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The Film

   This movie has an online cover Zinda (2005)
Directed By: Sanjay Gupta

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View Count: 1
Last Viewed:2006.05.27
First/Last Reviewed:2006.05.28/2006.06.19

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ldh's review

A pale copy of the Korean classic Vengeance 2, Oldboy (2003) this film lacks all the tension, music, world-class acting, perversion, shocks, twists and turns and cinematography that made OldBoy such a classic. Director Sanjay Gupta is seemingly on a roll of remakes, having recently done Kaante (2002), a remake of the now classic Reservoir Dogs (1992). I haven't seen that film, but this film is definitely a great disappointment.

Balajeet Roy (Sanjay Dutt) is a man who finds himself kidnapped one day and subsequently detained for 15 years without knowing why. After he is finally freed, he has no other thought but to find who did this to him, and why. Rohit Chopra (John Abraham) is a multi-millionaire who hates Balajeet and put him through this ordeal as a revenge. Only when the two men finally face off will the conflict be resolved, but not without one last twist that paralyzes Balajeet.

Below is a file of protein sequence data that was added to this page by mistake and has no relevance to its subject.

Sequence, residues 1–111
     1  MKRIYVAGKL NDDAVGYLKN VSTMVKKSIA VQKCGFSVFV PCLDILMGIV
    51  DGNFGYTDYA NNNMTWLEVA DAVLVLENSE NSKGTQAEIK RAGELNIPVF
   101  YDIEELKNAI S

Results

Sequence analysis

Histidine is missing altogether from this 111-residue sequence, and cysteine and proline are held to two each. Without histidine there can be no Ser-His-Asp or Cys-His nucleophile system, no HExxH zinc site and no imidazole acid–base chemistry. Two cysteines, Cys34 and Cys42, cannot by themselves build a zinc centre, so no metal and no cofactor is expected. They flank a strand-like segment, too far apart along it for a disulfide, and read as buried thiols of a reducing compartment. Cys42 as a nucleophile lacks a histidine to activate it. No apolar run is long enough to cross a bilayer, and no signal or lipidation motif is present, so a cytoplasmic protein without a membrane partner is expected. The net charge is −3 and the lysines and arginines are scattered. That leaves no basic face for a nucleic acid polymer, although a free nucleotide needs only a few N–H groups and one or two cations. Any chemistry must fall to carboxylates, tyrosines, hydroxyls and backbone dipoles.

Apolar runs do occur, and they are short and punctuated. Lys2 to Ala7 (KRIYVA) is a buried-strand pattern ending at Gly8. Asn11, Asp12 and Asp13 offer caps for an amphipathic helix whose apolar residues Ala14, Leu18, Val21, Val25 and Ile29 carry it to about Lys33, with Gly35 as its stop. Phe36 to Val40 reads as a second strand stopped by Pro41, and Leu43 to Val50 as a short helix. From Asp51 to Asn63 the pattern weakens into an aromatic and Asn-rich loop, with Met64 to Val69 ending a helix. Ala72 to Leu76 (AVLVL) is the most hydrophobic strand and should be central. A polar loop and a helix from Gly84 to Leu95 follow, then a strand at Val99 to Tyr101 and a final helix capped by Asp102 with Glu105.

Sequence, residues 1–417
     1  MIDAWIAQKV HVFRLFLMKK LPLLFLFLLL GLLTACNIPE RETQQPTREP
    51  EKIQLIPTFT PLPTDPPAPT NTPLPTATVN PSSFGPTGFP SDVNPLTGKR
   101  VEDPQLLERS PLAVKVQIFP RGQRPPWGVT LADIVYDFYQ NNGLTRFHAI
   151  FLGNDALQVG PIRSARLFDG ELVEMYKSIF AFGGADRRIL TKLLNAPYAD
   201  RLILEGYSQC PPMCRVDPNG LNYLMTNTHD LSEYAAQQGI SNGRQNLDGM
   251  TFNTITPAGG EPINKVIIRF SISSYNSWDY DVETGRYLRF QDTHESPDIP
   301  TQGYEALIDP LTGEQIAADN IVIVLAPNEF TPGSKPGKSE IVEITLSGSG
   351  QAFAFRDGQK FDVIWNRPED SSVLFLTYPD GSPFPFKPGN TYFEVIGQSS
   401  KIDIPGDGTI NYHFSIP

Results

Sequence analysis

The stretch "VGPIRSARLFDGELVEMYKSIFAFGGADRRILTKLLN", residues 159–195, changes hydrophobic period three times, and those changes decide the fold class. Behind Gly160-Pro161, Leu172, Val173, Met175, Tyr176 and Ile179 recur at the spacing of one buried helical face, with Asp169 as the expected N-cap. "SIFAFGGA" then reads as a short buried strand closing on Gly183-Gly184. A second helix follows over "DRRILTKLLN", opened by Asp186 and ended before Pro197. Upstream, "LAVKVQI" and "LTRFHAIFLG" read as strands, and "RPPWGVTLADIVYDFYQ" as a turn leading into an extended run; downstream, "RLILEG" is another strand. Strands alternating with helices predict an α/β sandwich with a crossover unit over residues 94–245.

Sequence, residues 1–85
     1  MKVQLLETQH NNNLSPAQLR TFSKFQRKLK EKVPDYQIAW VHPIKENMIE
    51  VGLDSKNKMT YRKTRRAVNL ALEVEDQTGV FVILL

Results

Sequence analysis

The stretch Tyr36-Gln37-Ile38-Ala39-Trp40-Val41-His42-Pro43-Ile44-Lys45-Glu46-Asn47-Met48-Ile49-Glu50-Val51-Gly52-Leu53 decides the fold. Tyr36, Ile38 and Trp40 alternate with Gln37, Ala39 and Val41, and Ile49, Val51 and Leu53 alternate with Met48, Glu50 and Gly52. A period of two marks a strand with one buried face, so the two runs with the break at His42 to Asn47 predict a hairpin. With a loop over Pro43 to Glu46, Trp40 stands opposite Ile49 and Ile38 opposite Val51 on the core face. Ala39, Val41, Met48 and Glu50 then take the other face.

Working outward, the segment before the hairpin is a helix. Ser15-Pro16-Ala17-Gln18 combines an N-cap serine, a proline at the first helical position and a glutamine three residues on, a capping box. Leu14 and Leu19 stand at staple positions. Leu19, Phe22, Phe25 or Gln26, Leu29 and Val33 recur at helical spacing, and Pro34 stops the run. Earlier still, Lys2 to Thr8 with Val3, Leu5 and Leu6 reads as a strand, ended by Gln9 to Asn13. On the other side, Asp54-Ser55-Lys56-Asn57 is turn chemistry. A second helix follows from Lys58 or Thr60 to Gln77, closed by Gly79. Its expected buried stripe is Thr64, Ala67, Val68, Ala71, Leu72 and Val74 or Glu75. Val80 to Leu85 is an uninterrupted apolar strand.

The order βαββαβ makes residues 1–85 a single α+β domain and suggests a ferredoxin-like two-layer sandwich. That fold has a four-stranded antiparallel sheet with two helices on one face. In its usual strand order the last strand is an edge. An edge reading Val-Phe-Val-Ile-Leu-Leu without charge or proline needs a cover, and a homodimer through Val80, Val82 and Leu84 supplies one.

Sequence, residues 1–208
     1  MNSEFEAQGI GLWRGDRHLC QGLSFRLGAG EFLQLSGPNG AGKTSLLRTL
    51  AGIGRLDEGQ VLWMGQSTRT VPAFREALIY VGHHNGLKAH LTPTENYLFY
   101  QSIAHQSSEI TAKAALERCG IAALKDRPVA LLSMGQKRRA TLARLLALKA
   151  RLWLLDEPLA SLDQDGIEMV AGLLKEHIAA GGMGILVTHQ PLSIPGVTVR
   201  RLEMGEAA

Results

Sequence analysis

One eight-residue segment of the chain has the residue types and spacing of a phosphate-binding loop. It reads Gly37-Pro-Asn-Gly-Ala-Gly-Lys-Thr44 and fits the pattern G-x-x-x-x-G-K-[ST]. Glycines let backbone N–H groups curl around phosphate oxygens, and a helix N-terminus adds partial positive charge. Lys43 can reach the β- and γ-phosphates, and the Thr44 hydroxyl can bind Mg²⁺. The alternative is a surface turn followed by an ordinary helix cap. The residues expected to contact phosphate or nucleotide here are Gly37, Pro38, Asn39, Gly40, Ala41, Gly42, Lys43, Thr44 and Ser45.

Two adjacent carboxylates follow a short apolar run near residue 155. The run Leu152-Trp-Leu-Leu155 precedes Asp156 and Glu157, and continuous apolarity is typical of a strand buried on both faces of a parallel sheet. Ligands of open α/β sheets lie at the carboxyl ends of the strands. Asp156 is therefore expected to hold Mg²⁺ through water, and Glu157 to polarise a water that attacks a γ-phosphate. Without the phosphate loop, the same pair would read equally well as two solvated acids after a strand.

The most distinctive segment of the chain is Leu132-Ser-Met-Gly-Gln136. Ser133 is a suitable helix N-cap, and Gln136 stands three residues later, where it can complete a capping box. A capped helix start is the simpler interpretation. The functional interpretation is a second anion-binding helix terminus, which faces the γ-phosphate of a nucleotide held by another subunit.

There is nothing much redeeming about this film. The acting is adequate, but Sanjay Dutt and John Abraham are simply no match for Min-sik Choi and Ji-tae Yu who played their roles respectively in the original. Some scenes are literal copies of the original film, and more often than not, they are botched. For example, the now famous corridor scene is completely spoiled, lacking the tension, style and energy the original had. Thank god, the film did not contain any standard Bollywood musical number, as they would have felt completely out of place in such a story, but even worse, the soundtrack is simply flat, with overly dramatic tones here and there to underline the drama, or overactive percussions for action scenes.

There are however a few good points for the film. First, it was shot in Bangkok, and that location provides ample opportunities for an exotic feel which was well utilized in the film. Second, the ending was rather interesting. The original subjects were simply too taboo for the Indian audience to replicate here unscathed, so the writers had to do something different. I thought they did a good job, and that was the only glimpse of creativity in this otherwise bland and disappointing Massala.


- Laurent Hasson